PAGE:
In this putting video I tell you and show you what I know about putting practice, the substance of which comes from all my playing experience as well as my teaching experience.
There is one thing I can tell you that is for sure when it comes to putting: you better find a way to get the ball into the hole, because if you don’t you’re never going to shoot great scores, and you’re never going to be completely happy with a round of golf.
In this putting video I tell you and show you what I know about putting basics, the substance of which comes from all my playing experience as well as my teaching experience.
Here we look at how to pitch onto the green from the rough. When you miss a green and the ball is not in a bunker the first thing you will note when you come upon your ball is how it is lying in the grass. Next you look up and find the pin, note the characteristics of the green between you and the hole, and begin to configure a shot to play that will either go in the hole or leave you a tap-in for your next shot.
Here we have another standard play around the green, as we are close to the green but in enough proximity to the pin to require the ball to fly up in the air and land without rolling a great distance. The variations here from the longer pitch shots with the 58 degree wedge are the slightly extra open face and limited use of arm swing in the backswing.
The standard play here is our normal pitch setup (ball centered, open stance, weight slightly left, hands slightly forward) with the one change to a more open clubface. As you will see in the video the swing involves less arm swing going back (and very little body movement), more wrist cock, and still a significant amount of forward pivot motion (the standard 45 degree push).
Using the hybrid to run the ball onto the green from off the green is a relatively new (due obviously to the fact that hybrids are a relatively new item in the bag) technique. It is a great one to experiment with and learn though, because it makes easier a few annoyingly tough shots around the green.
For purposes of instruction and so that my students will not be confused about what technique to use from certain areas I separate pitching and chipping thusly: Pitching is any shot around the green that is struck with a swing that involves wrist cock and leg movement. Chipping, on the other hand, does not use wrist cock or leg movement.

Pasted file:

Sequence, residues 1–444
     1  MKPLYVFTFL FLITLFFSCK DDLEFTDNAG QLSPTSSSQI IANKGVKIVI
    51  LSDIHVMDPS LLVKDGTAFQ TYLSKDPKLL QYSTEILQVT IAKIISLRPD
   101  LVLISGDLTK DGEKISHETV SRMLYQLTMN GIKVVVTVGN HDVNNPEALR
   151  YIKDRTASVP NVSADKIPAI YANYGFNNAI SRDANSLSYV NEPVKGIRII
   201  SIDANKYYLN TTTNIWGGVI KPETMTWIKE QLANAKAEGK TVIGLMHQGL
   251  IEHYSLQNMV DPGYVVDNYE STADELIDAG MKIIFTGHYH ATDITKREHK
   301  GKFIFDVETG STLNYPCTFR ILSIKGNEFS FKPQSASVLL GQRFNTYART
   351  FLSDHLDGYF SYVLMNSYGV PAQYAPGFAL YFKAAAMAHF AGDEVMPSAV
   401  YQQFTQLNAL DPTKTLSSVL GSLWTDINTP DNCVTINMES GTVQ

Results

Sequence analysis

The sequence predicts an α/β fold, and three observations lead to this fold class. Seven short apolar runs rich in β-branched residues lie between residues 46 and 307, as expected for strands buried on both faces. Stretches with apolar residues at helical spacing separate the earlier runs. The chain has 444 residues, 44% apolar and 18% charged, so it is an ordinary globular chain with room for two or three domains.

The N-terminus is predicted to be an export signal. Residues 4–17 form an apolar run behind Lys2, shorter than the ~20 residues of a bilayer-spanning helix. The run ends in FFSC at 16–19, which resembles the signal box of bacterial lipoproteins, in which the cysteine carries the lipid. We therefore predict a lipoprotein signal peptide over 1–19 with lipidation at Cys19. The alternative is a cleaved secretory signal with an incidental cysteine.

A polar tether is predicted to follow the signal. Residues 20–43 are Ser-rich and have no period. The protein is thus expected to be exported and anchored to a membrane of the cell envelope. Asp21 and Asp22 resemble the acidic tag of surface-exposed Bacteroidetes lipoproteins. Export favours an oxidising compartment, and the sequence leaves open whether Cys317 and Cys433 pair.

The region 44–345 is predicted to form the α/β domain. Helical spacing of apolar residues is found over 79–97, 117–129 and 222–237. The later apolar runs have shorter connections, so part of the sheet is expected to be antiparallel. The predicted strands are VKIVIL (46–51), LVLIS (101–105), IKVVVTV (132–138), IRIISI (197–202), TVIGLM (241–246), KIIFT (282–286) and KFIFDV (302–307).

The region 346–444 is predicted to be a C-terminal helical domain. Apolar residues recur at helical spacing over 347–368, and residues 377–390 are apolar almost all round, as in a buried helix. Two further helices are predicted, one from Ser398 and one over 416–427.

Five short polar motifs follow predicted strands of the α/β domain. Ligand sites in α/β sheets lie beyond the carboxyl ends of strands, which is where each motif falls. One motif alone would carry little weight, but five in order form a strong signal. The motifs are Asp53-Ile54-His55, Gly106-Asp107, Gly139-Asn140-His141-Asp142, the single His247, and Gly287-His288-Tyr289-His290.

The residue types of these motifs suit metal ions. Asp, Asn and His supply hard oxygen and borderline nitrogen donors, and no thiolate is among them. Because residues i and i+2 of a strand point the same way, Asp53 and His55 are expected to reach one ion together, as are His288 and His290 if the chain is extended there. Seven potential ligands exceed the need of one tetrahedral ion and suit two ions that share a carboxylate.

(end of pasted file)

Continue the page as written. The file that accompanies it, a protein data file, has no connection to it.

It is my firm belief that a forward leaning, downward strike is preferable when pitching to any sort of “using the bounce” technique. Here we look at a pitch over a bunker from a tight lie. With the tight pin it is obvious that extra height is needed to have the ball stop close to the pin.
Now we take the 30 yard pitch technique and modify it for longer shots. I like to start with a maximum yardage for the most lofted club (my 58 degree wedge) and until I get to about 60 % of that yardage I will think of the shot as subtracting from full. In other words, since I hit my 58 a maximum of 85 yards in the air, if I have shots that are 80, 70 and down to about 60 yards I will feel the amount of swing as a percentage of the full swing. Thus, a 60-65 yard shot becomes in my mind a 3/4 shot, while a 70 yard shot would be a bit less cut off from full. 50 yards is about the furthest out I’ll get where I’ll try to get an exact yardage to carry.
Here we get a better view of the actual low pitch flying and rolling out to the pin. The ability to visualize the shot fly, land, and roll to the hole depends first on your ability to contact the ball the same correct way every time.